In Terry's view -- noting the company is still focused on iOS and hasn't yet approached Android or other platforms -- "the platform is really unique and we want to continue to approach it as if it’s a fresh place to create new kinds of entertainment experiences."
So is there a chance to push the medium forward? "Absolutely," says Terry. "I think we take that really seriously."
Like most free-to-play developers, Pocket Gems takes an "iterative approach" to development, in Terry's words. "We like to get stuff out there, understand what works about it, what doesn’t, and let it evolve from there."
But instead of sticking strictly with what makes money, he says, the team likes to "experiment with new and different things -- which that’s exciting, that’s for sure."
Of course, it's hard to pat him on the back for taking creative risks with titles like Tap Zoo
and Pet Hotel
-- broad-based casual titles with clear antecedents.
With iOS, "there’s an opportunity there to put out entertainment that really has a broad and universal appeal and we think that’s an exciting opportunity," says Terry. "A large user base is a great lasting asset," he says.
But the realities of the App Store are what drives this. "If you’re popular in a broad way you’re at the top of the charts -- whereas if you’ve got a niche appeal, then it’s harder to do that." And right now, being at the top of the charts is essential.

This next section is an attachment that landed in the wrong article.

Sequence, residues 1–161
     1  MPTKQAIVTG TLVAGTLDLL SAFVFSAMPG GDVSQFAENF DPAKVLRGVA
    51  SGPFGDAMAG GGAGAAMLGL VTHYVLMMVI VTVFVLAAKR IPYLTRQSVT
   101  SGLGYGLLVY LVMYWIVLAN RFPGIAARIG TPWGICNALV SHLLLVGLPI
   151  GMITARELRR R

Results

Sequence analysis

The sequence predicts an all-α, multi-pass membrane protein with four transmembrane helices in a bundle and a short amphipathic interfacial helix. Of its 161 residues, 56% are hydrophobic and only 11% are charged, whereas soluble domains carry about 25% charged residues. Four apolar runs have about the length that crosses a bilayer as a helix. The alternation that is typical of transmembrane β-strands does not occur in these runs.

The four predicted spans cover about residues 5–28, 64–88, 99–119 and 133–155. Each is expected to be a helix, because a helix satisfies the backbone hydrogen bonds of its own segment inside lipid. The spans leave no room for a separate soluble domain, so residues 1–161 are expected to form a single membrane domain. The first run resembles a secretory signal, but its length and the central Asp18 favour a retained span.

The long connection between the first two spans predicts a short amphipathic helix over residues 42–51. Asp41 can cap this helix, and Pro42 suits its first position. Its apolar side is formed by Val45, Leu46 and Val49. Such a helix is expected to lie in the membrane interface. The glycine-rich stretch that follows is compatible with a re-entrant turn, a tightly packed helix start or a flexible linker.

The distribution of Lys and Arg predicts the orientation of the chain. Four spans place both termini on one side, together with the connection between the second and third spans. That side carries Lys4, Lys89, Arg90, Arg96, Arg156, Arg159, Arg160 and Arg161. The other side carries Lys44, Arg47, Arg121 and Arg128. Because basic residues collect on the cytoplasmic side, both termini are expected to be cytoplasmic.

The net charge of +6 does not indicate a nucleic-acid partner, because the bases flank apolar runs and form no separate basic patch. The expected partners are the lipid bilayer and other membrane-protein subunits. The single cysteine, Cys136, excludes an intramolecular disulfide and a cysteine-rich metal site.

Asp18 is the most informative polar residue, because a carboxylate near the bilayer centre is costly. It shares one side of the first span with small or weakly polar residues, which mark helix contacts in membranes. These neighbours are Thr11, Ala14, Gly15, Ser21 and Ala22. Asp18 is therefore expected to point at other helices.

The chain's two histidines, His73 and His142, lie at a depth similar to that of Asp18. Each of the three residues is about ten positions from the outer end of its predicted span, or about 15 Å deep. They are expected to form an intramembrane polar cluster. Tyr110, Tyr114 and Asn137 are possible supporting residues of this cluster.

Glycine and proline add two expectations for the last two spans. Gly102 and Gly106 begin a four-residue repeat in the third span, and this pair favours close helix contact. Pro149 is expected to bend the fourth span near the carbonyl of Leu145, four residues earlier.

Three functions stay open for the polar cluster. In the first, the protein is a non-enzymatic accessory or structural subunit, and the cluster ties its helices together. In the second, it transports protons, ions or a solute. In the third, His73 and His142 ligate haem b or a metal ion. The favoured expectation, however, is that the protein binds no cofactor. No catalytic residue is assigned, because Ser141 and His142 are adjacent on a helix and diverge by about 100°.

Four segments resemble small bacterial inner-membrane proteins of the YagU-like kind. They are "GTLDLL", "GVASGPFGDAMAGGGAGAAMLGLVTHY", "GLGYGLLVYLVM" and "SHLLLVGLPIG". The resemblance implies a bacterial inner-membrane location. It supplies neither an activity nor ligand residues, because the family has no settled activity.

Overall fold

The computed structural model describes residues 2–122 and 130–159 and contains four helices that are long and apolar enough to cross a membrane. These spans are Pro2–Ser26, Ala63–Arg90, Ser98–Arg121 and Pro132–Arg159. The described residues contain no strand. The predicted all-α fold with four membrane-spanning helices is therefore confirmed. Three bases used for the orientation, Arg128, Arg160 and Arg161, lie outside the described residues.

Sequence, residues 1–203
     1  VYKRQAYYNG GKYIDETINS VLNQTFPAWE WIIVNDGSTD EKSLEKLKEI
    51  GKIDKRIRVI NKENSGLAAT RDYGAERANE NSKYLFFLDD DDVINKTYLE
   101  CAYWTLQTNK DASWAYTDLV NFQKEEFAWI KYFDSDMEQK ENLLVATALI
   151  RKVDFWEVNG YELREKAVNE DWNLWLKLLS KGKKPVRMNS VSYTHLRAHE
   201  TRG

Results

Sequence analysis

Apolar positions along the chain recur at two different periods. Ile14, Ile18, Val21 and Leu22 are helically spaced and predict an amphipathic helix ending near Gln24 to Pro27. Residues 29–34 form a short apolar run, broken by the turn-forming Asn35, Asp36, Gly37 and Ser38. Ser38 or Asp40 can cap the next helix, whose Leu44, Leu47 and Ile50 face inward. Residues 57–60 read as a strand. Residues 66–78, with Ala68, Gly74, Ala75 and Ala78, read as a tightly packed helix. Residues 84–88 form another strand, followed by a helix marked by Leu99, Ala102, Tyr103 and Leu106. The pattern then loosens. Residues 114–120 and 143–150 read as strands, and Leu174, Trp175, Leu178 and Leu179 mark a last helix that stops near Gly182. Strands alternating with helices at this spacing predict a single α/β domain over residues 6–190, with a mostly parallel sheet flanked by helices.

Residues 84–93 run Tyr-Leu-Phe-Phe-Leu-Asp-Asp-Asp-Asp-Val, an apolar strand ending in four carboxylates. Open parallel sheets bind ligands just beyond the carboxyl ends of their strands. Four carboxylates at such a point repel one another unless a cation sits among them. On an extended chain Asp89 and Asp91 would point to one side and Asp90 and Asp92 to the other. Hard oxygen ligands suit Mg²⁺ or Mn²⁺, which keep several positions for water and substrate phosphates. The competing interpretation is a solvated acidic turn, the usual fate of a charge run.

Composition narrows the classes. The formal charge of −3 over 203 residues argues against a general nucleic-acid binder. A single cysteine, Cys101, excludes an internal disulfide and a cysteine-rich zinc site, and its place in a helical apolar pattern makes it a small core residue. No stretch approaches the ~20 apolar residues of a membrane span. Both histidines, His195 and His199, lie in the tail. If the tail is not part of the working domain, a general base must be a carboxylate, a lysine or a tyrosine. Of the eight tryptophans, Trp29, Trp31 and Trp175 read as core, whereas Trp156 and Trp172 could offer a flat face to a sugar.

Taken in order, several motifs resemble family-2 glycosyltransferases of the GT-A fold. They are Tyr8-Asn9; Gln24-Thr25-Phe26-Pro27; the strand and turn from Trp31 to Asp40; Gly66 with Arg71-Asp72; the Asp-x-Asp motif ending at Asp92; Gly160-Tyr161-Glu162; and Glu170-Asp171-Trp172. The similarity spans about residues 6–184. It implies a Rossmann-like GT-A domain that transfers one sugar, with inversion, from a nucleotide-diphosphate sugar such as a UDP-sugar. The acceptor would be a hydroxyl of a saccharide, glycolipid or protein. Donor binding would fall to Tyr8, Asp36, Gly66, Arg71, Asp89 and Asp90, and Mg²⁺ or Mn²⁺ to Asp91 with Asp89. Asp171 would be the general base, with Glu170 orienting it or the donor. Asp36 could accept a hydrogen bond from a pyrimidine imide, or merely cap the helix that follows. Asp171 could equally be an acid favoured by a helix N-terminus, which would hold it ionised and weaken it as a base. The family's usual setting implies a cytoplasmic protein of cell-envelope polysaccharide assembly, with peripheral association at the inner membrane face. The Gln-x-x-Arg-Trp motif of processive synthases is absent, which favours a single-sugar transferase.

Of course, the team is primarily concerned with keeping people playing longer -- and thus paying more. But the approach is one that focuses on efforts to "expand this canvas that the user is building on... we’re very focused on the creative aspect of our game. I think that’s a core tenet. We have this idea of users starting with a blank canvas, and being able to create something there, and so with each release, we like to give them a little bit more depth in what they can create."
Of course, it's hard to offer too much of this kind of opportunity on a small phone screen with a simple interface. While acknowledging its limitations, Terry says that "there’s the potential for a lot, actually. We’ve only scratched the surface of what you can create."
Where the team adds depth is by developing games that operate on multiple scales -- "whether you start out really zoomed into a tight scale because you’re starting out with a small portion of this ultimately very large canvas, making it so that, at every scale, it’s still an exciting experience. You’re starting out small, but then you’re going to have to, if you want to build something really complex and deep, it’s going to have to exist at a larger scale." The challenge for the developers is, then, "making both of those sorts of levels still feel exciting."
Whether or not the team can push out games that allow both more depth for their players or original themes is yet to be seen -- but it's clear from the conversation that Pocket Gems has evolved a creative ethos, which will be core to the company sticking out the App Store fight.